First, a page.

Orphaned Polygons in Torque – Part 1 of 3

I am no expert in the field of Programming, I don’t want to be (I am an artist) but sometimes in game dev, technical artists have to have a good grounding of what their engine is doing… What I say here may not necessarily be fact, simply what I have found on my workings with the Torque Engine. Orphaned Polygons are something that I run up against allot, and so I thought I would do this sort of white paper/case study on them. Hopefully it helps others out there.

What Are Orphaned Polygons?

My understanding of Orphaned Polygons is simple. As the BSP tree (DIF) is created brushes get sliced. (A simple understanding of BSP Trees is handy – ftp://ftp.sgi.com/other/bspfaq/faq/bspfaq.html#6.txt) During this slicing process (which is automatic) a brush may get sliced along a ‘strange’ axis (or unexpected axis) which would then create a non-valid polygon.

I have found in Torque that slicing occurs when an edge on one brush (brush x) has a different angle to the adjacent brush (brush y), and if you were to ‘continue’ that edge (brush x) into the next brush (brush y), that would be were U would find the slice. See image below.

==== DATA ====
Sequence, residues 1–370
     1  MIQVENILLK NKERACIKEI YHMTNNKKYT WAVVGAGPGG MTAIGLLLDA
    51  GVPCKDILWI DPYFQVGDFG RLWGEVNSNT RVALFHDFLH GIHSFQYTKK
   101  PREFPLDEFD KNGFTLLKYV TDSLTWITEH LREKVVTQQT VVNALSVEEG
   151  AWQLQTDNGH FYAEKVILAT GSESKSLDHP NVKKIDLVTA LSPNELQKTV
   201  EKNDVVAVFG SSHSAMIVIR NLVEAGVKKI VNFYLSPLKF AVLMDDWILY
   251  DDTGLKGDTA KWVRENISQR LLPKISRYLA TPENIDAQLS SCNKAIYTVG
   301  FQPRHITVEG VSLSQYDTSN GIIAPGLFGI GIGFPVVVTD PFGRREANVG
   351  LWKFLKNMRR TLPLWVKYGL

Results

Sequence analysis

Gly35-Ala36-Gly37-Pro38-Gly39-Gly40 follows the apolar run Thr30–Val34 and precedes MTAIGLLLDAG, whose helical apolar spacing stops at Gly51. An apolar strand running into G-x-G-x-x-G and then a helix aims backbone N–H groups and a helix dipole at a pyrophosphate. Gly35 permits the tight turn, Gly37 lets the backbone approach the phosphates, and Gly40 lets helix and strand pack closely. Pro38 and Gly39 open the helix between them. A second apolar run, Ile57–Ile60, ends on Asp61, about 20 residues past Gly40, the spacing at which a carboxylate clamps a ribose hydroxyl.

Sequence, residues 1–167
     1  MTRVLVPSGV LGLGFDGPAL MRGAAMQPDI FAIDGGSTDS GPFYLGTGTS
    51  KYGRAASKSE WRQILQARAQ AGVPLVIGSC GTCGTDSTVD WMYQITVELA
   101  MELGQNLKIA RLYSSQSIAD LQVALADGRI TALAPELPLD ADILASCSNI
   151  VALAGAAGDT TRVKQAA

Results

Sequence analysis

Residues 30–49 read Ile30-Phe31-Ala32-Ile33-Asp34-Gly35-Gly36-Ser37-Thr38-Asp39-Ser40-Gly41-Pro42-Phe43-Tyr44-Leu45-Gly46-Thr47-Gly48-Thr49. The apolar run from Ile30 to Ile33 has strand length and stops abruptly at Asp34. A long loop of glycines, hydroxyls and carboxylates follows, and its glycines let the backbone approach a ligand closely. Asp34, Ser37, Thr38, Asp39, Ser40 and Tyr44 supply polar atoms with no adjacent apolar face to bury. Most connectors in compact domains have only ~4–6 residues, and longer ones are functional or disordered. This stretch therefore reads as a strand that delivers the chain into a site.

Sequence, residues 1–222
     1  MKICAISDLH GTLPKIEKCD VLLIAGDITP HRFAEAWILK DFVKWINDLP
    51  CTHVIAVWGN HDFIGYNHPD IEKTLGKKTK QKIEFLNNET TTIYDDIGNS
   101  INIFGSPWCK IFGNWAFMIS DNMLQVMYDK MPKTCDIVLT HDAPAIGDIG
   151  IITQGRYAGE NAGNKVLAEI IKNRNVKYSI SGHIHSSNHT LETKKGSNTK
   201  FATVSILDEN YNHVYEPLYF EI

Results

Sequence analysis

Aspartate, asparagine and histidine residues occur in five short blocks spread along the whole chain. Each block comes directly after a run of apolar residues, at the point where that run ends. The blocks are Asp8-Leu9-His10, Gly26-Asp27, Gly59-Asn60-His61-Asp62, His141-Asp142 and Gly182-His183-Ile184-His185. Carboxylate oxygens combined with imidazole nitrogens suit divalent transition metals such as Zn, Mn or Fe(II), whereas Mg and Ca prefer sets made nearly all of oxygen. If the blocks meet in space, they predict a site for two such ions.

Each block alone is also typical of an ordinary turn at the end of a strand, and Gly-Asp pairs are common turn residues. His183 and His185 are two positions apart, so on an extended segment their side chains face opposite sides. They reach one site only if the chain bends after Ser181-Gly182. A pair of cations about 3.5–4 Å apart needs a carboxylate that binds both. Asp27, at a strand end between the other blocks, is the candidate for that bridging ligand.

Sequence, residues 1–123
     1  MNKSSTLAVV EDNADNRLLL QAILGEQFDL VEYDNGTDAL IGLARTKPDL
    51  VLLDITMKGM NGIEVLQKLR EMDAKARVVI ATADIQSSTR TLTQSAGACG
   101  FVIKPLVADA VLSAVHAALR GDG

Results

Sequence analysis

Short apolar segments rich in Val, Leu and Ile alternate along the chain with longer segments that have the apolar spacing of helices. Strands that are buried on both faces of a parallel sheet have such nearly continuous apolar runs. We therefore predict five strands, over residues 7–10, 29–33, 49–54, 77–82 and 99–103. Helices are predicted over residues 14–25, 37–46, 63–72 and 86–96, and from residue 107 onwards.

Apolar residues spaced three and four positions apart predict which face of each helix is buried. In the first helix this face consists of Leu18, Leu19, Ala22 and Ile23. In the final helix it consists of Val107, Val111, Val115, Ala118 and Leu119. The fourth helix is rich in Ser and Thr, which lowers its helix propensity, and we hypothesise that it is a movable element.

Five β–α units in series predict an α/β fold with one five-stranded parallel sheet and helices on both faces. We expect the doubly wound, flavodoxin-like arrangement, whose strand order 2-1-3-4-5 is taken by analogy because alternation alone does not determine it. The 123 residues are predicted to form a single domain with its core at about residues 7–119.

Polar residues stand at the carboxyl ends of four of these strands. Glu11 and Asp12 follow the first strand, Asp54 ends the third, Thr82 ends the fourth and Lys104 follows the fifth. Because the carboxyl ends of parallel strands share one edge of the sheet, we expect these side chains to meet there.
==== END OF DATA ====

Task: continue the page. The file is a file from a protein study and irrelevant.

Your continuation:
Example #1 – White = Polygon, Blue = Orphan Polygon, Gray = No Polygons

Example #2 – Real in game example!

Orphaned polygons are those that end up not part of any brush. When they are detected, they are removed from the data stream by map2dif and so will not cause your structure any problems in the game.*
My understanding of this is that they will get flagged as not a complete brush or as invalid data, just so the engine knows to ignore it. (A brush is a complete cube or wedge shape, not just a single polygon.. an Orphaned Polygon is just that a lone poly!!!)

Series Division

Part 1 – What Are Orphaned Polygons
Part 2 – How do I find them?
Part 3 – How do I resolve, or fix them?!


* Advanced 3D Game Programing All in One – Kenneth C. Finney

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